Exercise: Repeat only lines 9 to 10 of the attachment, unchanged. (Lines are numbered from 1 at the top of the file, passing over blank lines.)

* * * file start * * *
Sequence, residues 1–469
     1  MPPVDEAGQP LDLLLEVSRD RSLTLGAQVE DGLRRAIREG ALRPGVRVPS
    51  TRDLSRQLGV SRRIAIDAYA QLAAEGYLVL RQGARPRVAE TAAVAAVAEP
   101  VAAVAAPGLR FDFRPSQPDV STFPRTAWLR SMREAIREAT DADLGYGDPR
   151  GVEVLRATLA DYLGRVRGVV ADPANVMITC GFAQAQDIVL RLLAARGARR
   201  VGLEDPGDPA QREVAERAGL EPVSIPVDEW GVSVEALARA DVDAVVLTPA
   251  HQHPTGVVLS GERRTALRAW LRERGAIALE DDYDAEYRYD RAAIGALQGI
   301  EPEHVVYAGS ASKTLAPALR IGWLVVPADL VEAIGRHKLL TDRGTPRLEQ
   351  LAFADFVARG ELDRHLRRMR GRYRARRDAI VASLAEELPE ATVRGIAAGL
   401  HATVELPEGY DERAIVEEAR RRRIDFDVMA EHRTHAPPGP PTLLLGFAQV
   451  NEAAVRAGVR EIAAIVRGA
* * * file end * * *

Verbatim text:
   351  LAFADFVARG ELDRHLRRMR GRYRARRDAI VASLAEELPE ATVRGIAAGL
   401  HATVELPEGY DERAIVEEAR RRRIDFDVMA EHRTHAPPGP PTLLLGFAQV